A major review of global manufacturing and structural economic change, focusing on changing trade relations between advanced and developing countries. Argues that a new international division of labour is emerging between 'knowledge-intensive' and 'labour-intensive' production of goods and services, and examines the problems, causes and policy implications of poor manufacturing performance and rising unemployment in advanced countries.
Andy Cosh, Ken Coutts and Alan Hughes
Argues that the restoration of full employment in Britain requires a sustained improvement in manufacturing capacity and output, and quantifies the levels of manufacturing investment, output growth and net exports needed if unemployment is to be reduced without persistent external deficits.
WP11 (no longer available): Korea at the Cross-Roads
Reviews key processes of Korean economic change such as agricultural employment decline, rising wage costs, and growth of overseas investment by major firms, and examines the industrial policy options confronting the Korean economy in the 1990s.
Simon Deakin and Frank Wilkinson
Examines the nature of contractual cooperation between firms in vertical supply chains, and argues that institutional mechanisms which foster 'trust' between firms, including arrangements commonly condemned as collusive or restrictive, may in fact have important efficiency-enhancing effects.
Uses a three-sector, two-labour-category general equilibrium simulation model of North-South trade to explore relationships between production, trade and employment in more developed and less developed economies. Results have significant implications for understanding North-South trends in skilled and unskilled employment and wages.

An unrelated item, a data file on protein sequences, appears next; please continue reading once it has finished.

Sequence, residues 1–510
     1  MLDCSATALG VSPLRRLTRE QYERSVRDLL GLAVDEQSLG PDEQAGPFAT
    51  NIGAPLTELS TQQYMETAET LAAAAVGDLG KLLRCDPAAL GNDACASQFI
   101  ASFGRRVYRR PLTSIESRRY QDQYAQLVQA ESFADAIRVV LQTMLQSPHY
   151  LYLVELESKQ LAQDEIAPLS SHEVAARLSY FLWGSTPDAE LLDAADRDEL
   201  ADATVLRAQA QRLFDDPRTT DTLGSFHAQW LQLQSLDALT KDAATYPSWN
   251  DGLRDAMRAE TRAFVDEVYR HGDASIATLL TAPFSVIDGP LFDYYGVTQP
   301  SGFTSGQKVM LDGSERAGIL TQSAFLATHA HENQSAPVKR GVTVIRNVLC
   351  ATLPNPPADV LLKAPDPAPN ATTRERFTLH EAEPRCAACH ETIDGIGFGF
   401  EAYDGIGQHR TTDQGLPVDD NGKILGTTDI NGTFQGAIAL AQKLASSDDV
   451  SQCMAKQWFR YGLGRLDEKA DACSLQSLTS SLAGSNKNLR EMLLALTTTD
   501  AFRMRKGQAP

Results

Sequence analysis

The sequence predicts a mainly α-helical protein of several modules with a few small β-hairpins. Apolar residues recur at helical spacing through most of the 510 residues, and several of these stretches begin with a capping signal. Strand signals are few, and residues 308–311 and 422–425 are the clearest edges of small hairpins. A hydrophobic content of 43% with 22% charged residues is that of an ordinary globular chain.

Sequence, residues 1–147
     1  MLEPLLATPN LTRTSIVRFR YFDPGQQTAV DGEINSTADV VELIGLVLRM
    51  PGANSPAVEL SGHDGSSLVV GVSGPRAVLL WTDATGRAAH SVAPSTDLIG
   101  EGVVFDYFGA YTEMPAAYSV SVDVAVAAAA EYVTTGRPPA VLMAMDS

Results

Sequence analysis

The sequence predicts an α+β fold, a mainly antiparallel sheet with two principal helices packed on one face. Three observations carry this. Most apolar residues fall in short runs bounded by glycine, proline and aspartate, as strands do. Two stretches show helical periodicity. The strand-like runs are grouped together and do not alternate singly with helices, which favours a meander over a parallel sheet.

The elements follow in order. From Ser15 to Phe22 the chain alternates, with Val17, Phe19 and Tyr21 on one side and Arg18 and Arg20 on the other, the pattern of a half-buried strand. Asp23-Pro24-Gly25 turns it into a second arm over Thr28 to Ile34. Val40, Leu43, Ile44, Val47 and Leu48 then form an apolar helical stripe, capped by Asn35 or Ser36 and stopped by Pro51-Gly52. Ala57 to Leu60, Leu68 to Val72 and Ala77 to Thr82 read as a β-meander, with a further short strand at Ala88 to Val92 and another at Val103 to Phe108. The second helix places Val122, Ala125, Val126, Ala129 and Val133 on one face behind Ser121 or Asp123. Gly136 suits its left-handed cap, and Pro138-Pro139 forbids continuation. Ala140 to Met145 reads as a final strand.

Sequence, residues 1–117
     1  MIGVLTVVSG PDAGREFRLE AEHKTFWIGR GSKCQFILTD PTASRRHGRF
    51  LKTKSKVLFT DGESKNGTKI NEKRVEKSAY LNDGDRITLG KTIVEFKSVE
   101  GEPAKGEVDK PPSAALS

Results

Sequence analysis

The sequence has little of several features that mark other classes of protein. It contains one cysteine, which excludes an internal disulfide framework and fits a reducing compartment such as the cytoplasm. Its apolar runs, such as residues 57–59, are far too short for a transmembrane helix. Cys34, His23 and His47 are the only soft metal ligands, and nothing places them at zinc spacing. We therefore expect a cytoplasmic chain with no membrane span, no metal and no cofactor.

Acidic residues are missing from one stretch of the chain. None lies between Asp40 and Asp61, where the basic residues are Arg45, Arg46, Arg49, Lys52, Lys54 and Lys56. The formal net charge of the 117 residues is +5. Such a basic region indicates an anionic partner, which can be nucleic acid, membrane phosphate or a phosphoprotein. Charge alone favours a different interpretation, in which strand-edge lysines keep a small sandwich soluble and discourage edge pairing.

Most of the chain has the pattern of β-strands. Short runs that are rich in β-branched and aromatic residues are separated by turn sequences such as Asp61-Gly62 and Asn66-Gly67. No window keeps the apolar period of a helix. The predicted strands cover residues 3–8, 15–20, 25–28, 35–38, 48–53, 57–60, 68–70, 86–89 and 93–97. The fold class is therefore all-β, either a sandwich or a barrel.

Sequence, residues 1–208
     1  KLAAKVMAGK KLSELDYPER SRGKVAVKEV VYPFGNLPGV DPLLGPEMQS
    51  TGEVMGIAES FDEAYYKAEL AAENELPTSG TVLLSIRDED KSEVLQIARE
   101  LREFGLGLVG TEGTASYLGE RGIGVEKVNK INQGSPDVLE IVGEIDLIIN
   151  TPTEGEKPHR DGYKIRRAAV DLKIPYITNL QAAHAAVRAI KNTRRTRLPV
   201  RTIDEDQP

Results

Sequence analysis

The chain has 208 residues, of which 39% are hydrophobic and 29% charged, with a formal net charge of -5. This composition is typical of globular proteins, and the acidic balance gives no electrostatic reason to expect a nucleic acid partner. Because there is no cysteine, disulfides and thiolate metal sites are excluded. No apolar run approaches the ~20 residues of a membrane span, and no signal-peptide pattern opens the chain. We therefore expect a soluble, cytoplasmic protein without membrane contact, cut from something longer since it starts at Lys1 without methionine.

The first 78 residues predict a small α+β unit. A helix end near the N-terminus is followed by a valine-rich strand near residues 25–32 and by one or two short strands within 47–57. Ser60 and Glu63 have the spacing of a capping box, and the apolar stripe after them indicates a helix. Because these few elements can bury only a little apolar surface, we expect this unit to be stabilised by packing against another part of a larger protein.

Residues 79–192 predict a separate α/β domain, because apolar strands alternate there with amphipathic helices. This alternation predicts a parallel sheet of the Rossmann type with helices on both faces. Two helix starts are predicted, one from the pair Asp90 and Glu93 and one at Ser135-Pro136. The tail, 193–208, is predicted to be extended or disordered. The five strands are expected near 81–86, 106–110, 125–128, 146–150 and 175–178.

Uses a maximum entropy method to derive a null hypothesis on the nature of the intra-enterprise, establishment size distribution for large UK manufacturing enterprises, in aggregate and by two-digit sector, and shows that the degree of concentration of this size distribution determines the variance of the distribution of growth rates of the enterprise.
WP7 (no longer available): Capital Formation & Unemployment
Examines the relationship between capital stock and investment, on the one hand, and employment and unemployment, on the other, both theoretically and using empirical evidence for OECD countries. It argues that low capital investment, especially in manufacturing, has been a significant factor in the rise of unemployment in Europe.
WP6 (no longer available): Growth-oriented SMEs in Unfavourable Regional Environments
Peter Vaessen and David Keeble
An investigation of business performance, innovation, competition, R&D, and labour force characteristics in small and medium sized enterprises in "unfavourable" regional environments of northern Britain, relative to firms in south-east England, based on analysis of the Cambridge SBRC national SME survey.
WP5 (no longer available): Risk, Trust & Power: The Social Constitution of Supplier Relations in Britain & Germany
Christel Lane and Reinhard Bachmann
Analyses the concepts of trust, risk and power in inter-firm relationships, and reports empirical research in Britain and Germany on trust-based relations between buyer and supplier firms in selected manufacturing industries.
David Keeble and Peter Tyler
Presents new survey evidence on the nature and causes of urban-rural differences in business creation and growth in Britain, and develops a theory of enterprising behaviour to explain the urban-rural shift of business activity.
WP3 (no longer available): Employment in the United Kingdom: Trends & Prospects
Ken Coutts and Bob Rowthorn
An examination of recent trends in the UK labour market with particular reference to diversity and inequality resulting from unemployment and low-quality jobs. The paper also considers likely future trends and policy measures to improve job creation.
Analyses the impact of unemployment on the creation and growth of small and medium sized firms in Britain, and concludes that there is no difference in growth performance between firms established by unemployed and employed founders.
David Keeble and Joachim Schwalbach
Reviews the growth, size distribution and market structure of management consultancy businesses in Europe, with a detailed case study of small management consultancy creation and dynamics in the UK.